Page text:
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The Supreme Court, Gay Marriage and the Family

Today the Supreme Court made it unconstitutional to ban gay marriage effectively making gay marriage legal everywhere in the U.S.

According to polls the majority of Americans agree with this decision while a minority of religious conservatives continue to decry the sin of homosexuality and the judgment they fear may come upon America as we collectively embrace this moral evil. Further, they worry that the language of this decision, which seems to suggest every person has a constitutional right to protected dignity, will inevitably lead to the erosion of religious liberty.

But Christianity is a house divided on this issue. A growing number of Christians feel that it’s time we drop it. Even if homosexuality is a sin, why legislate our personal morality, after all, isn’t Christianity centered on love and isn’t that what marriage is really all about?

It’s not easy to successfully argue against this crossdresser web cam point of view. If you concede that we shouldn’t legislate personal morality, which I do, and you concede that Christianity is centered on love, which I do, then what’s the problem? The problem is with the third premiss of the statement. Marriage is not simply about love, it’s about this other thing called the family, and we have no clear consensus across the culture or even within Christianity about what this word actually means.

One of today’s most popular shows, The Modern Family, uses the crazy confusion surrounding our various expressions of this mystery for our entertainment. When all truth has been forgotten there’s nothing left to do but laugh at the absurdity of it all.

But the suffering of children, the exploitation of women, the aimlessness of men and the ruin of the work of countless generations is not that funny. And these things are growing, not because of the gay agenda, but because we have collectively abandoned the basic idea of the family.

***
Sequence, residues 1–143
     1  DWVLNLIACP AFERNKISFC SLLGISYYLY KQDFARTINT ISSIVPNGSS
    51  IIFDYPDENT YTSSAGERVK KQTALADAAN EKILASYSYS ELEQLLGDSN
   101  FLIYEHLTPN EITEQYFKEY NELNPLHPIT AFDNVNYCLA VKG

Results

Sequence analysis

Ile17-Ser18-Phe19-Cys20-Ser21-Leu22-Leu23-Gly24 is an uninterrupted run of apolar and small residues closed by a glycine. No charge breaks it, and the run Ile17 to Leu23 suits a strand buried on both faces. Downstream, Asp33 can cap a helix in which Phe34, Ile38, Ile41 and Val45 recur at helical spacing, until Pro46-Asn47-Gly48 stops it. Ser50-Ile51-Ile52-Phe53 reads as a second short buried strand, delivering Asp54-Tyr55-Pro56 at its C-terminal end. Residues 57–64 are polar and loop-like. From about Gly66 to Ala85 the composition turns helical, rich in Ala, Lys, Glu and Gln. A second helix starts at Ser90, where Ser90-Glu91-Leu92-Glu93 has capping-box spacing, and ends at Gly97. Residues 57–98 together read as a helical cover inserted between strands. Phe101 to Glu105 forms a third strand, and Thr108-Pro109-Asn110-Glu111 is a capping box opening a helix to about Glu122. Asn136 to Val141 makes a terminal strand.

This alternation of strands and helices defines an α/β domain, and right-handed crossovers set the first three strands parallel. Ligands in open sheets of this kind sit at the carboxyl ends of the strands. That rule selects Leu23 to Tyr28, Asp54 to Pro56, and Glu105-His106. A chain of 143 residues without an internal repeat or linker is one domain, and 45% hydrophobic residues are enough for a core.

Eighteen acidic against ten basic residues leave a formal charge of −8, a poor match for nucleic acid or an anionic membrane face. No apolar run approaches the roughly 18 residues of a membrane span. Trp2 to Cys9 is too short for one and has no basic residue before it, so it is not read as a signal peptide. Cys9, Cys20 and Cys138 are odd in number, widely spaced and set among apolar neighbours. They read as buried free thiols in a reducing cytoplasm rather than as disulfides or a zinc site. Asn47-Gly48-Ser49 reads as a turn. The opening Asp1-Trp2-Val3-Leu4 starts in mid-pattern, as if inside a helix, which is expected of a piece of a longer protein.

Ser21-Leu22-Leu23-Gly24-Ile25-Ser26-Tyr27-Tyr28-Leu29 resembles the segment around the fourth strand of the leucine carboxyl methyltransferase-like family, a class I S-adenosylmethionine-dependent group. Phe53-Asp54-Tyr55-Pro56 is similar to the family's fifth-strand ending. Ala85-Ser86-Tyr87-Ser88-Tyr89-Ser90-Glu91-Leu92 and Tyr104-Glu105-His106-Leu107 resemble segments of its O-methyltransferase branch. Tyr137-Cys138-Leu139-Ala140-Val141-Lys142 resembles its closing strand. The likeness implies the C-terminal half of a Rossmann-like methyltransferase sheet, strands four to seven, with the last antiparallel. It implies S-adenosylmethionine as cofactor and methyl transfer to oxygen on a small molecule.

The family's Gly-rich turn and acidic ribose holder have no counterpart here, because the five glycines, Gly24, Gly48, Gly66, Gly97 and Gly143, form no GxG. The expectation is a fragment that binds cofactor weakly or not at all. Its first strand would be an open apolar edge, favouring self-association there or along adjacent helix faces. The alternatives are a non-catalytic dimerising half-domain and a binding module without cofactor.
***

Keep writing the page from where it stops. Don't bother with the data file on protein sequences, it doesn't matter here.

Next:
The covenant of marriage is designed to create a bedrock foundation for the establishment and continuation of the family. And a family is a multi-generational team that exists to work together to be fruitful and multiply – to fill the Earth and subdue it (Genesis 1:26-30).

I’m not in favor of gay marriage because the relationship between two men or two women lacks the basic building blocks to establish a family. Families must have a clear father, a clear mother, and the ability to multiply and extend itself throughout the generations. It’s not just about love, it’s about divine order established to accomplish a divine mission.

So in light of this what should we do about our society’s decision to embrace gay marriage? One thing – build strong, multi-generational families. We’ve spent the last 50 years complaining about the culture while our lives, our marriages and especially our families did little to convince anyone we had a better idea. Now that the contrast will become even more stark what will our society see? That’s not up to the Supreme Court. That’s up to you and me.